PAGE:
Biodegradable coffins allow you to rest in peace without putting a permanent dent in the planet or your wallet.
Cremation was long considered more environmentally friendly than burials in graveyards, but its use of fossil fuels has raised concerns.
Eco-friendly burials have been popular in Britain for years, but industry experts say it’s starting to catch on in the U.S., where “green” cemeteries hosting natural burials have sprouted up in California, Florida, New York, South Carolina and Texas.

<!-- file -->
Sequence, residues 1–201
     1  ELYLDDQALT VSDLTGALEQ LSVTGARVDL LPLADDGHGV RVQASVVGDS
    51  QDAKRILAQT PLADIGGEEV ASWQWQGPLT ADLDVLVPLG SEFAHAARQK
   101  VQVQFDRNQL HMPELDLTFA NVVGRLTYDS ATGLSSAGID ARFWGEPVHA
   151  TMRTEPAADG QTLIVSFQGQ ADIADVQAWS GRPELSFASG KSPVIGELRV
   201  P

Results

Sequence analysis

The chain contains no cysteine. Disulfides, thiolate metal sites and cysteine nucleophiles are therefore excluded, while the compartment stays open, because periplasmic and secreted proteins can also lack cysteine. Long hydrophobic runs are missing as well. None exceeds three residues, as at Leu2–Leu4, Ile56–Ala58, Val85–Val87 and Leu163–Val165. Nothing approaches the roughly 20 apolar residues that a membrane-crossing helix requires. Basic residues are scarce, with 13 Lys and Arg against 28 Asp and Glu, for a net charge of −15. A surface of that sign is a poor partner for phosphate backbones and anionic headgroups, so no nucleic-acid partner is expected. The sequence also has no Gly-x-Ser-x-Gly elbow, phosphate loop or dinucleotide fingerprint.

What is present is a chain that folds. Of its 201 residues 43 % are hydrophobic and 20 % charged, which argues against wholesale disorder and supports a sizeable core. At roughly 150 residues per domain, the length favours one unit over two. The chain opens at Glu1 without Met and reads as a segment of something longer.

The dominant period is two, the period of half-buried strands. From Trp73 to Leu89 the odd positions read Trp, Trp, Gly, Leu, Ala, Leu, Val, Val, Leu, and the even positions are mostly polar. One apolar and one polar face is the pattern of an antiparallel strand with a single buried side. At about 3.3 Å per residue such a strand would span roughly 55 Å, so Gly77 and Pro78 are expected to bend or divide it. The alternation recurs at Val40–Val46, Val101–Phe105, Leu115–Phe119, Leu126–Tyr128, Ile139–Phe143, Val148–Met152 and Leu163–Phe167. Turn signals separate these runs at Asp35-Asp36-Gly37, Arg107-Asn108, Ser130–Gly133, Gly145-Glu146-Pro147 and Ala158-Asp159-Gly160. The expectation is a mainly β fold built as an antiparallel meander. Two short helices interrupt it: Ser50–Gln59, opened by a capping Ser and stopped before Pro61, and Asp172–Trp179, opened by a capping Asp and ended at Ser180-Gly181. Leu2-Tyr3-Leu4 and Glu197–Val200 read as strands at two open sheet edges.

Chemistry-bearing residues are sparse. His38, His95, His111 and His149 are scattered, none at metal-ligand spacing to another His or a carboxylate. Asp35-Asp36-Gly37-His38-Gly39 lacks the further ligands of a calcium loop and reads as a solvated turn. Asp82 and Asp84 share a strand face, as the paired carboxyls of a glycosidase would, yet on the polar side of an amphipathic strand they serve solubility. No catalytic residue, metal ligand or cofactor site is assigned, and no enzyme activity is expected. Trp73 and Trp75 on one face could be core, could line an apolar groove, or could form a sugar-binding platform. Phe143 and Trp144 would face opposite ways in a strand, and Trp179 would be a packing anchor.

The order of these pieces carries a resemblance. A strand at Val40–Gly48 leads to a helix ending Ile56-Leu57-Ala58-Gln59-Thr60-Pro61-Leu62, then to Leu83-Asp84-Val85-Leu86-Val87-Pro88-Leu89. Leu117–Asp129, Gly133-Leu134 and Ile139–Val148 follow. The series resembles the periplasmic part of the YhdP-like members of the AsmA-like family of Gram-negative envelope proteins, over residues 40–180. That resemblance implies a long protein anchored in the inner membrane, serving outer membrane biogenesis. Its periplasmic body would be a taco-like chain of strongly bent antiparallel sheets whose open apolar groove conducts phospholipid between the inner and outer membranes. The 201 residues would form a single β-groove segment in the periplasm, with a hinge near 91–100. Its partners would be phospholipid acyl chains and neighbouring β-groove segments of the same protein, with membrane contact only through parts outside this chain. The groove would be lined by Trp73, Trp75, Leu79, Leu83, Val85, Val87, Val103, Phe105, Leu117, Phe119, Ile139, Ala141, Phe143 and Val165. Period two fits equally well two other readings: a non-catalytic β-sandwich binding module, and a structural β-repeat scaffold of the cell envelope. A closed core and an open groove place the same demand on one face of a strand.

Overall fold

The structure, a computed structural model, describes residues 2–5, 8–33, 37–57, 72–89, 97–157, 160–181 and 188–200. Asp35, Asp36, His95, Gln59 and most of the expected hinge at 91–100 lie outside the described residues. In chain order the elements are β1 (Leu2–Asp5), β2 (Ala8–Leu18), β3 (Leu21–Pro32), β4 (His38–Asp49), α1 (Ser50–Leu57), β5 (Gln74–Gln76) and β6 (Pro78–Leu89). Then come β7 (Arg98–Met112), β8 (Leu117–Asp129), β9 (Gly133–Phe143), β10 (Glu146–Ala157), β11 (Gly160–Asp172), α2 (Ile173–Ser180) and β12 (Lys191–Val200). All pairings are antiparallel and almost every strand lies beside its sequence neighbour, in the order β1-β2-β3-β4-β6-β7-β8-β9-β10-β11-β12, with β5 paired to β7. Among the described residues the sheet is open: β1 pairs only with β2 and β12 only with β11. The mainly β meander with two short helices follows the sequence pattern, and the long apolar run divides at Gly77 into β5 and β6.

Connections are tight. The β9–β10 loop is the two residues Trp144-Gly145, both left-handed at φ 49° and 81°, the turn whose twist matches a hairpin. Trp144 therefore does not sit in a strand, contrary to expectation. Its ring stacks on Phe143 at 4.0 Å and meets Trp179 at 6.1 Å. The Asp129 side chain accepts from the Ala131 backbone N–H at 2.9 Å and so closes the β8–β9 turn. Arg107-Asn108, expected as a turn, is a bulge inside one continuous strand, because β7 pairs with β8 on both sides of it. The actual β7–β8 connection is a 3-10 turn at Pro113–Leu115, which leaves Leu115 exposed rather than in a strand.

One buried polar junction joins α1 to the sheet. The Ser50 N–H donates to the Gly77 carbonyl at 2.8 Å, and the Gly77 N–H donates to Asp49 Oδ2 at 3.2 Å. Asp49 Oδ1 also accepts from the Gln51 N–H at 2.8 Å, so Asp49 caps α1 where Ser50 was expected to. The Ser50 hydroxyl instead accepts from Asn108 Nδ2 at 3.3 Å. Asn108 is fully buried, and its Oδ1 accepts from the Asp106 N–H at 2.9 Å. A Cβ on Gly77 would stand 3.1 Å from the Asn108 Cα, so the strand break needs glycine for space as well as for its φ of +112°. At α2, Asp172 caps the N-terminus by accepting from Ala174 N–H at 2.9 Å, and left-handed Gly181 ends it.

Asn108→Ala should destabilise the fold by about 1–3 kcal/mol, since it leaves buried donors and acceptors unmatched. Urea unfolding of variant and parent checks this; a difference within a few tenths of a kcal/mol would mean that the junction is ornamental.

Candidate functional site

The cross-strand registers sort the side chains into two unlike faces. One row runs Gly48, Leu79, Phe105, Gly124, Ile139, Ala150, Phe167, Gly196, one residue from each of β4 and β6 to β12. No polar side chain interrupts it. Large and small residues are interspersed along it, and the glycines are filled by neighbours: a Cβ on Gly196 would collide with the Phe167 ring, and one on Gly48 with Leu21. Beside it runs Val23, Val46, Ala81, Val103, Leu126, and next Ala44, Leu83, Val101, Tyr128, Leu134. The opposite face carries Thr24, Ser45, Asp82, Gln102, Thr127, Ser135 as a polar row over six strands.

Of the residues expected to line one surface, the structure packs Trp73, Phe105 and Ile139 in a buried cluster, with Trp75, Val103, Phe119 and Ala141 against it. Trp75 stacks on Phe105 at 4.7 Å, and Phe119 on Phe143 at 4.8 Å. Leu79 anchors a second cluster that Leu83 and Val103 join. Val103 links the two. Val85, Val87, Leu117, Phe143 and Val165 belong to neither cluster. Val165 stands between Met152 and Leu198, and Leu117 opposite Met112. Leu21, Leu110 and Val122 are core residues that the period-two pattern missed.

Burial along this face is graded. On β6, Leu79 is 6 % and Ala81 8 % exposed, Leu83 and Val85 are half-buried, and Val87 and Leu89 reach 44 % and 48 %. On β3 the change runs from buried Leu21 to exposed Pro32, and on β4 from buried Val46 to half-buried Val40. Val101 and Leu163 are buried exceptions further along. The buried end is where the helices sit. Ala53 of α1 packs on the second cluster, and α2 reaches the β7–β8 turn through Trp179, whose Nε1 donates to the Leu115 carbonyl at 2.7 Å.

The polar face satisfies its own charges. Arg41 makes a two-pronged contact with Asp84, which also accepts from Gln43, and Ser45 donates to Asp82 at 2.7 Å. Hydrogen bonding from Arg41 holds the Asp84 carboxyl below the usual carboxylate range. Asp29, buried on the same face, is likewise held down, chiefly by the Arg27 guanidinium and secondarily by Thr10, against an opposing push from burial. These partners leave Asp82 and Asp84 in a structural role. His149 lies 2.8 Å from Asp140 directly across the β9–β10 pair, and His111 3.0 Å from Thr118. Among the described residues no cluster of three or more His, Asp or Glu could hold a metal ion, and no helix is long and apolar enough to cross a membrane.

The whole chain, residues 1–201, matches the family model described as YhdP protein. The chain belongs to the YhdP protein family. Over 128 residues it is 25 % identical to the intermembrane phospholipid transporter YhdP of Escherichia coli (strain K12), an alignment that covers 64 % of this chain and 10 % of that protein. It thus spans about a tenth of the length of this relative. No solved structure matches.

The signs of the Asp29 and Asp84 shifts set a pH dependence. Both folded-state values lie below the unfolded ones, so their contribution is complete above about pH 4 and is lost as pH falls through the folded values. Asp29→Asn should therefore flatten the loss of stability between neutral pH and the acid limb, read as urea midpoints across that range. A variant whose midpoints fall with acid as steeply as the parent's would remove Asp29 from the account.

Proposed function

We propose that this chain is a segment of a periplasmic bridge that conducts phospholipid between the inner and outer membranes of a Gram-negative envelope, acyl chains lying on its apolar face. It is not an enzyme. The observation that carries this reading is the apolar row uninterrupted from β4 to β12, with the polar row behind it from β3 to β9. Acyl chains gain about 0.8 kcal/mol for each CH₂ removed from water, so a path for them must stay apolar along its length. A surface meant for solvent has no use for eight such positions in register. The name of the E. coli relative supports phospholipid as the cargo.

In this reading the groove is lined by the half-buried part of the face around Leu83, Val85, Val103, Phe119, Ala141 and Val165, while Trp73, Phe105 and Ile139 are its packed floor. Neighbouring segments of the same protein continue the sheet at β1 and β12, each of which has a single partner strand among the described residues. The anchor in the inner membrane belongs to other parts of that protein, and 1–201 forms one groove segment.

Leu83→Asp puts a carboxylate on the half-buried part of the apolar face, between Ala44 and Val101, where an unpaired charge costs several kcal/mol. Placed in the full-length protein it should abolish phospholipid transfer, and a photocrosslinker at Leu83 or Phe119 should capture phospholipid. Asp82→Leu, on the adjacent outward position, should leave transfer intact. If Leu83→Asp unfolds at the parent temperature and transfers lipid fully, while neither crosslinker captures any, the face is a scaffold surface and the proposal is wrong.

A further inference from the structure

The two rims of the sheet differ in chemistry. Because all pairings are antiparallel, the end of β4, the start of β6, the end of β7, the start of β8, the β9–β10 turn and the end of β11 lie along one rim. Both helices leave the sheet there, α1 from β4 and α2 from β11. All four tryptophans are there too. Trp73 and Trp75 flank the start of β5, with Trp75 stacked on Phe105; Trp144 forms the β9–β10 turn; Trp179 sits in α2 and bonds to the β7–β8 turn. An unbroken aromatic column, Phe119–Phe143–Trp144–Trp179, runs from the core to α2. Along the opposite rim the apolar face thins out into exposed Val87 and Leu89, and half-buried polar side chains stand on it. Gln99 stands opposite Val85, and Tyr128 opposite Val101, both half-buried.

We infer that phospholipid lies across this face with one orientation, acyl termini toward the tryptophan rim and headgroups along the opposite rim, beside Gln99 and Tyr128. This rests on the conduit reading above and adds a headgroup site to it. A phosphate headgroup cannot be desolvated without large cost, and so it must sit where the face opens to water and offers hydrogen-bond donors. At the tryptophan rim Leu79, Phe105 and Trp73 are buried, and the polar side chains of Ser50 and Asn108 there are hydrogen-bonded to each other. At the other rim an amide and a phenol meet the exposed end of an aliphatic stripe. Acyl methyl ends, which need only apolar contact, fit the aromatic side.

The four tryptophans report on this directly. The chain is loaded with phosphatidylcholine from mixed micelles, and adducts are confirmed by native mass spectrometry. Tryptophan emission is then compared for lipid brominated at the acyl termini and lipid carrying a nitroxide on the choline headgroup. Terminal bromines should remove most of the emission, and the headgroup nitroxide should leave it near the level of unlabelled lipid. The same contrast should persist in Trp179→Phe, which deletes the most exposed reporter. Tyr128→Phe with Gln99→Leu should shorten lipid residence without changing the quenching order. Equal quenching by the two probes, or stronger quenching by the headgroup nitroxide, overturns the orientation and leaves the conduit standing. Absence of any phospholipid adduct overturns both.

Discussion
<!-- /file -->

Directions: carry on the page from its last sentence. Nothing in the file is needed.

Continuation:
The majority of eco-friendly burial products come from overseas – including the Ecopod, which is made in the United Kingdom – although there are a few domestic makers. Options range from natural-fiber shrouds to fair-trade bamboo caskets lined with unbleached cotton. There are also more traditional-looking handcrafted coffins made of wood certified by the Forest Stewardship Council.
Basic cardboard models sell for as little as $100, and probably fold neatly for storage in your basement. Snazzier hand-painted models fetch up to $3,000.